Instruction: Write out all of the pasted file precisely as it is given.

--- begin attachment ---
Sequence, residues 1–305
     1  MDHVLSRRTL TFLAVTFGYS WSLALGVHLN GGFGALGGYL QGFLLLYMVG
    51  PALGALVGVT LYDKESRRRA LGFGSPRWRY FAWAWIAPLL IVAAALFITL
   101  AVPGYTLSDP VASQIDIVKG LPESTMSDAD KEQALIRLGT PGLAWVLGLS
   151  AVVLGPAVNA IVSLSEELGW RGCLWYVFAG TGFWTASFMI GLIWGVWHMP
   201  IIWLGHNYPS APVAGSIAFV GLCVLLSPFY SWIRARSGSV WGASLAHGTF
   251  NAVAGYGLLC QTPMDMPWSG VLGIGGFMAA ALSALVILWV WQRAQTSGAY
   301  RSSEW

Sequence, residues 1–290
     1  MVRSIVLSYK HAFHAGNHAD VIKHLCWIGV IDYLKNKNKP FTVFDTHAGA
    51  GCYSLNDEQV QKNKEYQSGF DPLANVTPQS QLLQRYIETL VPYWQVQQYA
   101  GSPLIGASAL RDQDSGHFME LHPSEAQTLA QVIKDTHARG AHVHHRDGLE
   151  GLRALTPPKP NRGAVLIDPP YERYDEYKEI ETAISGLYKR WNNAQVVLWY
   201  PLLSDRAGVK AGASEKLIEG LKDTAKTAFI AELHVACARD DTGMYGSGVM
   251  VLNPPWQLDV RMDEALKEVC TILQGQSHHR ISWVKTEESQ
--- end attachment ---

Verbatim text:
Sequence, residues 1–305
     1  MDHVLSRRTL TFLAVTFGYS WSLALGVHLN GGFGALGGYL QGFLLLYMVG
    51  PALGALVGVT LYDKESRRRA LGFGSPRWRY FAWAWIAPLL IVAAALFITL
   101  AVPGYTLSDP VASQIDIVKG LPESTMSDAD KEQALIRLGT PGLAWVLGLS
   151  AVVLGPAVNA IVSLSEELGW RGCLWYVFAG TGFWTASFMI GLIWGVWHMP
   201  IIWLGHNYPS APVAGSIAFV GLCVLLSPFY SWIRARSGSV WGASLAHGTF
   251  NAVAGYGLLC QTPMDMPWSG VLGIGGFMAA ALSALVILWV WQRAQTSGAY
   301  RSSEW

Sequence, residues 1–290
     1  MVRSIVLSYK HAFHAGNHAD VIKHLCWIGV IDYLKNKNKP FTVFDTHAGA
    51  GCYSLNDEQV QKNKEYQSGF DPLANVTPQS QLLQRYIETL VPYWQVQQYA
   101  GSPLIGASAL RDQDSGHFME LHPSEAQTLA QVIKDTHARG AHVHHRDGLE
   151  GLRALTPPKP NRGAVLIDPP YERYDEYKEI ETAISGLYKR WNNAQVVLWY
   201  PLLSDRAGVK AGASEKLIEG LKDTAKTAFI AELHVACARD DTGMYGSGVM
   251  VLNPPWQLDV RMDEALKEVC TILQGQSHHR ISWVKTEESQ